Kay Shamblin’s voice will be missed by all
Sep 15, 2013 | 723 views | 0 0 comments | 47 47 recommendations | email to a friend | print
Whether one’s political preference leans to the Republican, Democratic, Libertarian, Tea Party, independent — or other — sides, it likely came with bittersweet emotions when longtime GOP advocate Kay Shamblin “retired” from her role as one of Bradley County’s leading political volunteers.

To Republicans, it surely was a bitter time because they will miss Kay’s endless energy and her unharnessed belief in conservative values.

To Democrats, it probably was a sweet time because they won’t miss Kay’s endless energy toward the GOP cause and they likely recognize it as a chance to get a leg up on their political rivals.

To independents, some perhaps could recognize this as opportunity by approaching the veteran political figure and seeking her advice on how to conduct future campaigns.

To Libertarian, Tea Party and a host of other politically partisan groups, some might choose to learn from Kay’s model; that is, understanding how to influence the electorate toward Republican leanings while also recognizing opponents have values as well that should be acknowledged, debated and understood.

We mention Kay Shamblin today because the subject came up in our own newspaper when we featured the Bradley Countian as a Personality Profile on the front page of our Aug. 26 edition. In the informational writeup by Managing Editor David Davis, who has covered the local political scene for years, Kay pointed out the November 2012 elections were her last as Bradley County coordinator for Republican candidates.

In essence, this dedicated volunteer is “retiring.”

Her final involvement came in the successful campaigns of Gov. Bill Haslam and U.S. Sen. Bob Corker. Both are Republican. Both were elected. Both easily carried Bradley County whose Republican roots grow deep.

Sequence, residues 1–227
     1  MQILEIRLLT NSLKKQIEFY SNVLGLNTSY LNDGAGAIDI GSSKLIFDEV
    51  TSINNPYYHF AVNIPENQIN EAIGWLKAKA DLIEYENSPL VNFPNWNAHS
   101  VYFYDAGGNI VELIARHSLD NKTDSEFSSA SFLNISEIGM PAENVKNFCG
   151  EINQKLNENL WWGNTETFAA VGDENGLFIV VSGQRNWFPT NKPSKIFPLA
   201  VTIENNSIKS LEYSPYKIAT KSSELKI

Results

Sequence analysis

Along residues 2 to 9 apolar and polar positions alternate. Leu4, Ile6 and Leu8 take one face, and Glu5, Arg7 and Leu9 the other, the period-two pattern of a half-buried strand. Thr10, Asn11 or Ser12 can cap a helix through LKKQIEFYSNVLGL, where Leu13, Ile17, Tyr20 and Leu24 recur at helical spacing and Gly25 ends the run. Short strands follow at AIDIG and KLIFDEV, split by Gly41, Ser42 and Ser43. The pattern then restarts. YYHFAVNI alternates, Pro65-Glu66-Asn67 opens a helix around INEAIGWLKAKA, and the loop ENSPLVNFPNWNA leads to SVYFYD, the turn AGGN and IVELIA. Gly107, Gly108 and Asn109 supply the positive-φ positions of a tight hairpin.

She has also worked the local campaigns for a slew of other GOP hopefuls, just a few of whom include Bradley County Mayor D. Gary Davis, Cleveland Mayor Tom Rowland, state Rep. Kevin Brooks and state Rep. Eric Watson.

As avid a believer in Republican values as Kay is, she is quick to recognize opposing parties also have some “good people.” She told us herself during a brief drop-in visit the other day to our newspaper office when she pointed to the strength of the American political system and the many talented leaders — and candidates — who strengthen its very fabric.

Kay Shamblin is bona fide Republican, but she understands the importance of opinion ... even when it counters her own.

Kay Shamblin is a conservative at heart, but she recognizes the benefits of diversity in any community, especially our own Cleveland and Bradley County hometown.

Kay Shamblin is a fearless worker who has a heart for America and a love for Americans ... all Americans, not just a few and not just those who line up on her side of the political fence.

Kay Shamblin is a voice of conviction on many issues, but she is always open to hear the voice of others when they disagree.

Kay Shamblin is a devout Christian, one who makes apologies to no one for her faith and her unwavering beliefs.

Kay Shamblin is a Republican who bleeds red, but her tolerance of opposing views has always served as her strength and not a weakness.

“Dad was a politician,” she told us in the Personality Profile interview. “He always said when you’re looking for someone to vote for, it is not whether you are a Republican or a Democrat. You’ve got to look at the issues, look at the issues, and then look at the issues, to know what [politicians] stand for. You’re not looking for someone who is popular. You’ve got to know what somebody stands for and how it is going to affect you.”

Such sentiment is why Kay Shamblin will be missed in Bradley County’s political arena.

She favored the Republican way, but she understood the necessity — and the moral mandate — of dialogue and open discussion.

“It’s how we used to get things done,” she told us.

Whether Republican, Democratic, Tea Party, Libertarian or another, political figures — incumbents and hopefuls — would be wise to hear her words.

America is nearing her crossroads.

And it is a junction guarded not by a party, but by a people.